As far as I remember it, Durian used to be only available around July-August time. I remember this well because I lived in the UK for nearly half my life, and my mum used to say on the phone to come back early during my summer break supaya ampit buah durian. By August, you’d be left with slim pickings, really.
But how is it possible now that you can still get Durian in February??
I just had some in the kitchen just now, like, 5 minutes ago.
I had durian dedahan and durian kuning.
But it simply felt somewhat “strange” eating a seasonal fruit out of season! It’s the same feeling I get when eating sotong tutok at any time outside of the Sultan’s birthday celebrations. Or even like having Christmas pudding in summer. So conflicted I was that I could only manage two slices, a great show of restraint on my part- certainly not an easy feat when it comes to the irresistable big stink. Hmm, maybe I’ll need some time to understand it.
Incidentally, I was in Ulu Belalong earlier this week. And during lunch one day, I saw a lone rambutan fruit in the rambutan tree nearby. Perhaps a leftover from the season, but surely the season ended around September.
Could it be that climate change is messing with the “brains” of these trees?? Is it making them ‘think” “ooh it’s fruit season now, let’s make babies” when it’s not? Another August13th-ism there.
I’ve written about this before, but during one of my outings recently I found this:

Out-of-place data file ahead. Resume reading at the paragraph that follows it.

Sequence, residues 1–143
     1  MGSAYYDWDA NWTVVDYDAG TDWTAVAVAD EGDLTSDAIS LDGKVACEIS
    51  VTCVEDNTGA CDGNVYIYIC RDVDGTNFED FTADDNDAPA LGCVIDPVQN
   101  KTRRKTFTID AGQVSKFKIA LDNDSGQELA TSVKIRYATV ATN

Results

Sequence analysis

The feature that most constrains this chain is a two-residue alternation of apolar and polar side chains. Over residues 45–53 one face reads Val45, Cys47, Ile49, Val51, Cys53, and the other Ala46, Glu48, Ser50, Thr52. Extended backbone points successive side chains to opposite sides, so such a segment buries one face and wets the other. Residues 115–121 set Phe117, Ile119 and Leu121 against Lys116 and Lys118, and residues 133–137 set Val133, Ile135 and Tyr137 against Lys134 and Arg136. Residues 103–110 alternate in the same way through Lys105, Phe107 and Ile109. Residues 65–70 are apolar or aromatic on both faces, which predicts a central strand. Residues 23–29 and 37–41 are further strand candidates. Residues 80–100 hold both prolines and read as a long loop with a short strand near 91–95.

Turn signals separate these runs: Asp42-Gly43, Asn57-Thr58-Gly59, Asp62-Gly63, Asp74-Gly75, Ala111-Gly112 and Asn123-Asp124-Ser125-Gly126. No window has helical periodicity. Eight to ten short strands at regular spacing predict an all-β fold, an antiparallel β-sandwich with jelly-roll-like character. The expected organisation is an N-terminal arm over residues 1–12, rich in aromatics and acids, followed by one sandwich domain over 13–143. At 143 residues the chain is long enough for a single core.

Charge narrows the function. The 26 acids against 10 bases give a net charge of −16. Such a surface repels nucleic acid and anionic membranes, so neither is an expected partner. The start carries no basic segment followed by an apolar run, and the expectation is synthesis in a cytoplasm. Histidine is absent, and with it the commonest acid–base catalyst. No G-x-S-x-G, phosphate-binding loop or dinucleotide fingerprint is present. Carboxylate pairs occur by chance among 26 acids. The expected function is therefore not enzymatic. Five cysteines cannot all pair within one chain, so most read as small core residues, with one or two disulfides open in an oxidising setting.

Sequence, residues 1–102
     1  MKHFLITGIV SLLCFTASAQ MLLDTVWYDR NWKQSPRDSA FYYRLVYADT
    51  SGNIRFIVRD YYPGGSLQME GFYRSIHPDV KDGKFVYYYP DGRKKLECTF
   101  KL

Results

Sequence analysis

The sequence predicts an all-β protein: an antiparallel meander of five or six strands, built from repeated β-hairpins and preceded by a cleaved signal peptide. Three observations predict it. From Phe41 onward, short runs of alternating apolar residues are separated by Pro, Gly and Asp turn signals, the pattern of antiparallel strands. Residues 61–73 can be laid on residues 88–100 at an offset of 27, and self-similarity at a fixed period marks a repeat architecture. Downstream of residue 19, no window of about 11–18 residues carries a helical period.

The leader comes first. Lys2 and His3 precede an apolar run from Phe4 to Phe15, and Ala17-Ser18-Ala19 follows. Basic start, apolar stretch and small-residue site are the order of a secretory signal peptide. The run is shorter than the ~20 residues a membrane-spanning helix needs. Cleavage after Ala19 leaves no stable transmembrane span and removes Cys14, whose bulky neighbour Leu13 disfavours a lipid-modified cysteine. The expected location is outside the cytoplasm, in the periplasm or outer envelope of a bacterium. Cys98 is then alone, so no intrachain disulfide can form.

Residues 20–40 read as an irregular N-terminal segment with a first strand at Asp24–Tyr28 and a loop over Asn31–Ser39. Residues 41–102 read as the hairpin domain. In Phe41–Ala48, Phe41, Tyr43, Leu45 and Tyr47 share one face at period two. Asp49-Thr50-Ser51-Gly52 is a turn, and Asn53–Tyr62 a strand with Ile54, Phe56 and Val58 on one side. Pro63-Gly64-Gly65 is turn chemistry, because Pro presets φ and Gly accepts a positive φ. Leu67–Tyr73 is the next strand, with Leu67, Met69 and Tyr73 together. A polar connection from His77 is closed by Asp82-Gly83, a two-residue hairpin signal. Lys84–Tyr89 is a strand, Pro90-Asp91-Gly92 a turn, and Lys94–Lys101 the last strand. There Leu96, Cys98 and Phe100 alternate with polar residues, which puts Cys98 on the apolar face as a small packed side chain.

Yes, the sweet tapai – but in two different fashions. The one wrapped in yellow palm leaf triangles is what you’ll often find in restaurants or foodstalls across the country. The other one is less common- but is actually how tapai is prepared in Tutong. The rice is mixed with “laru” and wrapped in “Jengeng” (Simpur) leaves. Not such a big deal of course, but this was the first time I’ve seen a restaurant serving the two types of tapai on the same plate even.
I like my tapai really juicy, and served ice cold. Stick it in the fridge and you’ll see what I mean.
This was a first for me~ fluffy roti kosong karing, with katam kari and kacang bendir.
The extras you see are what my brother had: ayam masak merah.
That should last me the day! But I’m not exactly a breakfast person, in fact I’m not a morning person at all.
So one day last week, a very rare occasion, I stumbled out of bed like a drunken baby hippo, all groggy but determined to face the day. Utterly unaccustomed to an early rise, the first light of day almost blinded me, but I was keen to get into the car to the kampung shop, and get the paper to read over breakfast.
Sunrise over Keriam
This colourful surprise greeted me as I entered the shop.
Apparently villagers make these foods and send them to the shop, which gets a 20% cut from each sale, while the makers keep the remainder.
I was impressed by two things: The variety of food you get to buy for only $1; and the entrepreneurial spirit of the orang kampung, and this simple system of partnership, tolong-menolong.
So when my grandma told me to bangun awal supaya “berajiki”, she wasn’t wasn’t kidding.
Maybe I should get up early more often.